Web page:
Finding someone good at both is unlikely. I think most teams would benefit from a skilled writer. But I also think that what constitutes "writing" for a game is different than fiction or screen plays. The dialog is definitely the purview of a skilled writer.
Adam Maxwell reminds me of some of the guys I knew in college. Come to think of it, he would be particularly well suited to make the case against things like putting the toilet lid back down or cleaning up after yourself since he understands that kind of logic so well.
Why would skilled writers make any difference in a business where customers prefer quality writing? For that matter why should talented chefs be considered any more valuable in the restaurant business or beautiful women be any more strongly perferred to magazines like Playboy?
Maxwell's logic is an epiphany. From now on I think I'll walk down the path of self improvement by drinking as much beer and eating as many Fritos as I want whenever I want. It's my inherent nature. What could possibly be gained by resisting it?
Hehe. I squeaked. ^^
Writing is easy. It's doing the necessary re-writing to make what you've produced good and effective, which is difficult!!
The *original* articles "designers over writers", as I call it,
reminds me of a concept I once had (and still hold in part):
Picture Over Word.
Whifch means that a picture is universal and doesn't need a thing like "translation". Pictures can be - if well made - perceived in seconds, minutes, intuitively.
Words need somewhat *more* intellectual involvement, relatively heavy processing through things like "reading", "deciphering", "thinking" about the thing just perceived.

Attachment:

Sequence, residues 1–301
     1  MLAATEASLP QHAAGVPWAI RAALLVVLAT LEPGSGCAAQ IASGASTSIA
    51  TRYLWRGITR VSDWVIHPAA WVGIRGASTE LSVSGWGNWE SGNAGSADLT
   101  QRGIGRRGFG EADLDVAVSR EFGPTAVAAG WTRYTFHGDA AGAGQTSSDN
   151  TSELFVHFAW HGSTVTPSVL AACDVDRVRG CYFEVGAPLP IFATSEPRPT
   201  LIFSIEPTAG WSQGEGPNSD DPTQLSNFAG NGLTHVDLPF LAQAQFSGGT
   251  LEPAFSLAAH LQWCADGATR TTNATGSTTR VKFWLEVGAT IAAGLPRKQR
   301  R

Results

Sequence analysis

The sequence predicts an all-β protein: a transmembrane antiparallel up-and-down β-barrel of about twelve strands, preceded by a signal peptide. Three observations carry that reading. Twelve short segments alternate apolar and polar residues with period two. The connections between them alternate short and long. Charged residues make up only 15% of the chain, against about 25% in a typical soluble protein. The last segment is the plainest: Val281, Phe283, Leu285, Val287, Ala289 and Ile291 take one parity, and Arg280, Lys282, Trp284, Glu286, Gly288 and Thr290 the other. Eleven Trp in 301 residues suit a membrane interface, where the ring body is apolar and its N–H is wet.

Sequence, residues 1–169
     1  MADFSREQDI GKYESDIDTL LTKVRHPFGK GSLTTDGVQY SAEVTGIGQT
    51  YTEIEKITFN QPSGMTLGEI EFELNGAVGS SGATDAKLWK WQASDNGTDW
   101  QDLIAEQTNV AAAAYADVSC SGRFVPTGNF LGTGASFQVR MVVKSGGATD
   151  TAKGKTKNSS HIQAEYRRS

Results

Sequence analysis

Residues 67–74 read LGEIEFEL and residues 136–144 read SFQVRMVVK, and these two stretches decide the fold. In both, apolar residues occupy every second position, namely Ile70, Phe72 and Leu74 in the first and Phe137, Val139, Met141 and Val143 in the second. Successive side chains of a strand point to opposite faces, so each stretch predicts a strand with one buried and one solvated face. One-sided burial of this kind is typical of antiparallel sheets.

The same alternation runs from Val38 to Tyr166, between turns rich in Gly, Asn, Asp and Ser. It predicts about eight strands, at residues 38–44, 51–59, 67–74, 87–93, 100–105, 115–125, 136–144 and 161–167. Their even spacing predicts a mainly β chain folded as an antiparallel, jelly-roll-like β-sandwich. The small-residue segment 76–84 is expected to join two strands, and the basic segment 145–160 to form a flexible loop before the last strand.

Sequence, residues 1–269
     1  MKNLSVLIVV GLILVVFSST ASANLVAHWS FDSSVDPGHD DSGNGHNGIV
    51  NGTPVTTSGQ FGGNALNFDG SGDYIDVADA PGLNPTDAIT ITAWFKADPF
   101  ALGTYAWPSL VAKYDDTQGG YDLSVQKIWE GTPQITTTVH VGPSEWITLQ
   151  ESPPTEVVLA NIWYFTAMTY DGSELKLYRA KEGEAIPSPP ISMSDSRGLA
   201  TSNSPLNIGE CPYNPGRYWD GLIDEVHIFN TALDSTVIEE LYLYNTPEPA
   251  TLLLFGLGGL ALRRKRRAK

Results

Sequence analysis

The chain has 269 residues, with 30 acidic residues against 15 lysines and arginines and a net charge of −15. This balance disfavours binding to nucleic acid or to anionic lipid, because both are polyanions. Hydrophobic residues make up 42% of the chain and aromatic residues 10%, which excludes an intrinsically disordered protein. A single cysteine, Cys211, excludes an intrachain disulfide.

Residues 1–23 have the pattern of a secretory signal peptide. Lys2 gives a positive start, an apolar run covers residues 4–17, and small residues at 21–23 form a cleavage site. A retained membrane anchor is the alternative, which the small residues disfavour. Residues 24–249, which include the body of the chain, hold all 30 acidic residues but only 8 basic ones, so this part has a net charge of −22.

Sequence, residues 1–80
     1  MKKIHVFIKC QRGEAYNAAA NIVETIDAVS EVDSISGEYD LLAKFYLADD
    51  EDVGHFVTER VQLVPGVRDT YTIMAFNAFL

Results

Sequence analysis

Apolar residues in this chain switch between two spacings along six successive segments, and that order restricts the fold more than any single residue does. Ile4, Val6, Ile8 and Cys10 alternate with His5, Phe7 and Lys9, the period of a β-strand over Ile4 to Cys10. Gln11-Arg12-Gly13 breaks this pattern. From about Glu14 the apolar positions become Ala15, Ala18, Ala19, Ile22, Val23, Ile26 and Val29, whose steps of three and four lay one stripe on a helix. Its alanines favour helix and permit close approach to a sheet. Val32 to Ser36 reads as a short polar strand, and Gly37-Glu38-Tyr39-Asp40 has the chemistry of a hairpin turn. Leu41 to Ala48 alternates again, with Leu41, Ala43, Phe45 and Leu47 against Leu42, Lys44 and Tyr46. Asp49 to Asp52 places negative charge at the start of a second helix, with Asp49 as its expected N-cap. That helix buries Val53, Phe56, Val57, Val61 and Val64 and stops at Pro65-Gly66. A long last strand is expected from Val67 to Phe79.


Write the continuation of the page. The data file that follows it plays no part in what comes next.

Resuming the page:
It's as if you would place a traffic sign on the street: The sign alone transports the information much faster and without much hassle at all,
meanwhile a driver would have to activate his or her "reading skills" within seconds, read everything, arragnge words, sentences and meaning within the brain, and then distill the meaning of the "wordy sign" in his or her head.
Summary: Icons are *much* faster to process than sentences.
Pictures over words.
From *this* point of view, the writer *always* loses.
There is a big, big, but:
BUT texts can contain much more suble information. They can contain much more information at all. In general. The contents of a book cannot be hold in a single picture - at least without omitting details, just because of sheer space. Thus, painting is always kind of an reduction of details. An reduction to the rather "core" of a meaning. Of a story.
Plus, you can't paint treatises. At least not in the same way as it is being made in a written treatise.
So now, pictures are in my opinion still much, much more universal. They can be understood by a much, much greater audience.
But they can't transport details, subtleties in the same way as texts are able to.
As a result, the sheer intellectual demand is greater with texts, because if the way it needs to be processed. The people need more education to fully understand (especially complex) texts.
Finally, this means both have their own niches.
There is no "case against the writer", and I think that this is wrong, but both have their own fields where they excel.
I would rather thnk before I place my money on either of them: I would think about in which field each one is used before I place my money.